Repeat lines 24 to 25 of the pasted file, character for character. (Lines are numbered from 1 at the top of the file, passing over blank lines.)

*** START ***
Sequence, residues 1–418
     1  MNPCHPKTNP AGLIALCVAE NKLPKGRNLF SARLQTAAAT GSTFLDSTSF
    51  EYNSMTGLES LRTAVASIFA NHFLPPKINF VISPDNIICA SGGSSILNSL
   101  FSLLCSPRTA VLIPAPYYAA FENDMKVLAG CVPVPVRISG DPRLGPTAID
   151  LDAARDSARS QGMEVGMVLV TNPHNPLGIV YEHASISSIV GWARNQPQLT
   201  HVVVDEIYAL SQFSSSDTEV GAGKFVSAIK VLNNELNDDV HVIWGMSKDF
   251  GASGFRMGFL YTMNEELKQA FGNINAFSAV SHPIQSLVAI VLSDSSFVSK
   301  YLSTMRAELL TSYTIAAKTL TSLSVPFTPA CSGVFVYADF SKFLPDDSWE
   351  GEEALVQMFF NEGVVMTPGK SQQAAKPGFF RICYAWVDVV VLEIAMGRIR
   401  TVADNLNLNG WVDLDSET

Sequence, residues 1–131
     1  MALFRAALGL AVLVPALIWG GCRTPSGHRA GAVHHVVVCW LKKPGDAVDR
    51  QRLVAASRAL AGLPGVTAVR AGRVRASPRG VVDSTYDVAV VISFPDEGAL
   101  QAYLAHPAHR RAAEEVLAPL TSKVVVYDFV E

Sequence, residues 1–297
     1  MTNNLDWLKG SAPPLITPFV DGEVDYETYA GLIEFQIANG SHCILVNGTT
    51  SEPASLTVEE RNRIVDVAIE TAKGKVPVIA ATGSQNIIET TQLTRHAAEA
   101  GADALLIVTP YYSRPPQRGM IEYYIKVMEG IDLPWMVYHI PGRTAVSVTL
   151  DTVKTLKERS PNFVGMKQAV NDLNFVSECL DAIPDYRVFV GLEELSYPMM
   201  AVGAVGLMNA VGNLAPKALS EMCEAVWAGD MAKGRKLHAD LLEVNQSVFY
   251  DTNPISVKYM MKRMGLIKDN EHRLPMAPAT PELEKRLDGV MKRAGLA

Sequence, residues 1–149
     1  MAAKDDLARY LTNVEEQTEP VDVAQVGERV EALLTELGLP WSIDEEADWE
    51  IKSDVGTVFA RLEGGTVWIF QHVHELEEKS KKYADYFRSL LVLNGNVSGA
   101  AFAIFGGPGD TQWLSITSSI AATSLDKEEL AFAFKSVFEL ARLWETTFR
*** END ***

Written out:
    51  IKSDVGTVFA RLEGGTVWIF QHVHELEEKS KKYADYFRSL LVLNGNVSGA
   101  AFAIFGGPGD TQWLSITSSI AATSLDKEEL AFAFKSVFEL ARLWETTFR